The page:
Re: Nuclear Power - the only answer.



Deirdre wrote:
> RadgeGadge wrote:
> >
> > "Deirdre" <finch.enteract@xxxxxxx> wrote in message
> > news:43877BFC.8B5D7FA7@xxxxxxxxxx
>
> > >> What did you do?
> > >
> > > Enough to blow my thyroid to kingdom come
> > > and develop pernicious anaemia...what does
> > > it matter to you?
> >
> > Oh, call it a friendly inquiry. A friend of mine had trouble with her
> > thyroid so I know how serious these matters are.
>
> Thyroid troubles are part and parcel of
> working with certain substances...frankly,
> once the hormone levels were stabilised, it
> became a non-issue. The anaemia, otoh, is
> a rare monster which causes all manner of
> complications in my life.

Ach, sorry to hear it.

> > >My results don't agree with
> > > your mindset, so why should you be interested?
> >
> > Oh, call it a debate. A discussion even. People sometimes do it.
>
> You've made up your mind and stated your
> position, why should I attempt to budge you
> from it? What purpose woud be served? I've
> watched this "debate" with no small amount
> of amusement...wasn't it de Montaigne who
> said "Nothing is so firmly believed as what we
> least know."?

Think so. This is the perfect area for it, too. Stats are inherently
boring, and not one person in a hundred has a head for them. And yet,
that, essentially, is what we're debating here.

> I work with bioremediation and uranium even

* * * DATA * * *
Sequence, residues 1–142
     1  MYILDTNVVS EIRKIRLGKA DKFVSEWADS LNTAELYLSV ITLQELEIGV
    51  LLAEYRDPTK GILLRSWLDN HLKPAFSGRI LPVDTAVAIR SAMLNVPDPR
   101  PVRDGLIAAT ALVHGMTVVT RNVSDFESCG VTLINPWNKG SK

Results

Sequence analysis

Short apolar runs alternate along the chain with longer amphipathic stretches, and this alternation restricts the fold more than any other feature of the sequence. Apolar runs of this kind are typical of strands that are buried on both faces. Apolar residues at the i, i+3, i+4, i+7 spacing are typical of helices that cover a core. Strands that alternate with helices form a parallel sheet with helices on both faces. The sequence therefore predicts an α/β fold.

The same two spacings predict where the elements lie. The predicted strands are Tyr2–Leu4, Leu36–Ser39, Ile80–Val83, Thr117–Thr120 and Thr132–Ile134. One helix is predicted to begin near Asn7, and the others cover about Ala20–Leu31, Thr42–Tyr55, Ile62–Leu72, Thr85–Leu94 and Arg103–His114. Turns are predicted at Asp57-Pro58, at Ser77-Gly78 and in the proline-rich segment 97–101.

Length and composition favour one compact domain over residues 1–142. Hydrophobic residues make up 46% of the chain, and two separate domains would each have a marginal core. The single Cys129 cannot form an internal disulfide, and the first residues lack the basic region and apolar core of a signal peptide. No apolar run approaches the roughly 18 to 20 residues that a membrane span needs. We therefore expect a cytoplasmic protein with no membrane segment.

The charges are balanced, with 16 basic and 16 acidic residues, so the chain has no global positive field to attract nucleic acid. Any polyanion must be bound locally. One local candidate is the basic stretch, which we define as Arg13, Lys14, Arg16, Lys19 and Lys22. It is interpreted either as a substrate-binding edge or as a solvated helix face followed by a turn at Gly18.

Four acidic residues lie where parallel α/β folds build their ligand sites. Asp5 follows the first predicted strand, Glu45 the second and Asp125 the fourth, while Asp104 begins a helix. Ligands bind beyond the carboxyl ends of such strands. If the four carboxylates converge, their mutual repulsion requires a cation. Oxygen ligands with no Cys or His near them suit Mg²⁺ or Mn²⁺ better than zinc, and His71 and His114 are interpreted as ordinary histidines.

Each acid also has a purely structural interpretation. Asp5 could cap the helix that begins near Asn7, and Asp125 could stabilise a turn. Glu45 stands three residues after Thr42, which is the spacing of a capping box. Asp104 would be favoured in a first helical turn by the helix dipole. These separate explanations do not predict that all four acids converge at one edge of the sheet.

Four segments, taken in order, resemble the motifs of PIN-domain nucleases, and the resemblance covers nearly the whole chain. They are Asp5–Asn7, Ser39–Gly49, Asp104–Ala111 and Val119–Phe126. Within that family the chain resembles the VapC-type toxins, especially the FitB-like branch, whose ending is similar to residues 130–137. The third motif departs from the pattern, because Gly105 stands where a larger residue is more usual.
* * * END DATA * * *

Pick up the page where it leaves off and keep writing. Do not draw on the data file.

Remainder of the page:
> now, but my ego isn't on the line and I've no
> need to be an authority, moral or otherwise,
> the facts are there for anyone who chooses
> to seek them out. My job is to furnish facts,
> not comprehension...and in this instance, I
> don't even see the point of furnishing facts...
> the minds are already made up. So be it and
> so what?

Well, sometimes it is fun just to throw ideas around. At worst, it
gives you confirmation of all your worst prejudices. At best you might
learn something new.

And on areas like risk and risk perception, let's face it, *everybody*
has an opinion and a right to one, no matter that most people's are
founded more on prejudice than on 'facts'.

I've also handled radioactive and biohazardous substances and attended
seminars on 'Scientific Ethics', taught courses in which these issues
arise. Today in fact I spent in rainy grey cold Glasgow, hearing about
assessment in Psychology. Ethics comes into it.

If nothing else, you can always continue to have a laugh at us ordinary
mortals with our silly opinions about radiation mortality. I admit I am
an amateur when it comes to stats, though I did allegedly pass exams in
it at various points.

I used to be an enthusiast and apologist for nuclear power too. The two
things that changed my mind were:

- Finding out about the Windscale fire in 57 (
http://en.wikipedia.org/wiki/Sellafield ) and the Dounreay explosion in
77 ( http://news.bbc.co.uk/1/hi/uk/107158.stm )

- Finding out about the links between 'civilian' and military fuel
cycles. Reading accounts of how the current nuclear powers acquired
WMD.

http://www.fas.org/main/content.jsp?formAction=325&projectId=7

I suppose, then, you can live with concerns like these?

> > > You might develop a case of objectivity and
> > > then where would you be?
> >
> > Don't worry, there's no danger of that happening.
>
> In which case, there's naught to say on _any_
> topic, is there?

Au contraire, if we were all 'objective' and equally well-informed,
that would be the case for no further debate.

RadgeGadge

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